Article by: MARK BRUNSWICK , Star Tribune
FERGUS FALLS, MINN. - A few years ago, the folks in Otter Tail County thought they had come up with an efficient and inexpensive way to map county land and check for beaver dams in drainage ditches.
They built their own drone with a couple thousand dollars worth of computer equipment, a garage door remote control, a digital camera they bought at Wal-Mart, and a paper and balsa 9-pound plane anyone could buy on the Internet. Using GPS and Mosaic mapping equipment, they could survey 80 acres of farmland 400 feet overhead in about 20 minutes, a job that could take hours on foot in hip boots or cost thousands if they hired a pilot to fly overhead.
That was until the cease and desist letter came from the federal government. The plane has been grounded since then.
"Somebody from Washington called and said, 'What are you doing?' recalled Brian Armstrong, spatial address coordinator with the county's GIS Department. "I said, 'I'm doing this.' And he said, 'You can't do that.'"
County officials recently sought approval from the FAA to begin flying their drone again, in the process becoming embroiled in the larger debate over the increased domestic use of Unmanned Aerial Vehicles, more commonly known as drones. Otter Tail County showed up on a list of groups seeking to fly above U.S. skies that included the military, the FBI, Border and Customs Patrol, and NASA.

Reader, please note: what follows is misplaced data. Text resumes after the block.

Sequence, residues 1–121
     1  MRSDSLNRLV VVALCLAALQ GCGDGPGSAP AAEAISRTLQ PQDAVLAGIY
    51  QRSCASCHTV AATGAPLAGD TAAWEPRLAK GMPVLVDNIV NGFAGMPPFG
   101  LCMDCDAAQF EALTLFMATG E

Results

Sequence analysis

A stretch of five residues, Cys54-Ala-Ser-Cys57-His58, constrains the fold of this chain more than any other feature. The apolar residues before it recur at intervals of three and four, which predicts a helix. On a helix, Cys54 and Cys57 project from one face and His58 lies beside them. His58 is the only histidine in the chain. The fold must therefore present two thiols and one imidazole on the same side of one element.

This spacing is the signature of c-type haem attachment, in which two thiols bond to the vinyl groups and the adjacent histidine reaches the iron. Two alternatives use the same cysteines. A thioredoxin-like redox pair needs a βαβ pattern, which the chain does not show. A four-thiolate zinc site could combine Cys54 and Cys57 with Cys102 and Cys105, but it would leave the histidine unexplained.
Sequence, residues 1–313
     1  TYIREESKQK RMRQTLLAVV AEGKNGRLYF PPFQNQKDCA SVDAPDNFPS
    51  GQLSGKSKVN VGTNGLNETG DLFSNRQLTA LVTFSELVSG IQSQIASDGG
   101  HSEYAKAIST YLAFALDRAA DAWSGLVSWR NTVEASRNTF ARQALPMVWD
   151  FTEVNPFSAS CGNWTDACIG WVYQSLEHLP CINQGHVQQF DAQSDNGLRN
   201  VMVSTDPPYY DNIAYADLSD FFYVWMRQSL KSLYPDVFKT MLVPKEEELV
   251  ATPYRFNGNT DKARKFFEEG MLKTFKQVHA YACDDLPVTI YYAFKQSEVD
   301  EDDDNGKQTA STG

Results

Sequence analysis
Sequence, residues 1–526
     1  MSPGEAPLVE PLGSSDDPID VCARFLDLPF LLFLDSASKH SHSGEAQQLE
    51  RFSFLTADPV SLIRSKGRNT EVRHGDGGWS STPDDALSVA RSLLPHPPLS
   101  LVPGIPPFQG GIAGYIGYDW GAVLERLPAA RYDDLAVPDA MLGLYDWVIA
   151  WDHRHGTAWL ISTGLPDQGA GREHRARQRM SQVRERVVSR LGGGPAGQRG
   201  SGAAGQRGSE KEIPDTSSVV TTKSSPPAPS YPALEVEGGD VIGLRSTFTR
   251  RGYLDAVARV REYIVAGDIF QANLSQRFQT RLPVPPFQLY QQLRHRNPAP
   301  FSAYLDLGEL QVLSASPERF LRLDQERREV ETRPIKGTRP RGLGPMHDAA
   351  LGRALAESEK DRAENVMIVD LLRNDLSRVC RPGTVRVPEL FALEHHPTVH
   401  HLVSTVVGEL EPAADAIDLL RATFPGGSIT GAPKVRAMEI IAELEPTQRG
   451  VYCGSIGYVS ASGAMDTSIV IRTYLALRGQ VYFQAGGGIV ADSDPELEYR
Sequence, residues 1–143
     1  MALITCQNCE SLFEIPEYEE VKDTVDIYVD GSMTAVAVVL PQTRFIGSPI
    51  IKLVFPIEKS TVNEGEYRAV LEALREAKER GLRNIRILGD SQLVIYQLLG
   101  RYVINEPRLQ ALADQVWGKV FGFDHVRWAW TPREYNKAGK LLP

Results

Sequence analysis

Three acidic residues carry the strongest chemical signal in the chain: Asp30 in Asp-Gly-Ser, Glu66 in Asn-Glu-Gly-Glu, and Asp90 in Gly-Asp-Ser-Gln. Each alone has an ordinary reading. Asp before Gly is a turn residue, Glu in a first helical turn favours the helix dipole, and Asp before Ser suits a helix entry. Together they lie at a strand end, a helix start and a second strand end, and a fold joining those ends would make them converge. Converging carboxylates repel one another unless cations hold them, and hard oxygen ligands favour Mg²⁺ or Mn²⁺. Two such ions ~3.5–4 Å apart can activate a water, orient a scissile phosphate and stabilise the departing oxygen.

When the list was made public by a group called the Electronic Frontier Foundation, a San Francisco-based consumer digital advocacy group, questions were raised among civil libertarians and conspiracy theorists about why the likes of quiet Otter Tail County in west-central Minnesota would need its own drone. Ever since, Brian Armstrong has been explaining that his drone would be used for surveying, not surveillance.
"I got caught up in the 'Why are you spying on us?' program," he said, "In other countries, people use this for monitoring crops, managing wildlife. There's a lot of uses people have for these small remote-controlled aircraft."
When it was operating, the Otter Tail County drone was never anything more than what you could fly with your kids in the park on a Sunday. Armstrong operated the plane with two people on each end of the flight path, with two additional spotters strictly to watch for "hot air balloons, 747s and fighter jets so it wouldn't crash into anybody at a whooping 400 feet above the ground," Armstrong said.
When he inquired about what would be needed to qualify for federal approval, he was told he had to be a registered pilot and that his ground crew needed to pass airmen physicals.
"All to sit in a lawn chair with a pair of binoculars to watch a plane 400 feet above the ground snapping photographs."
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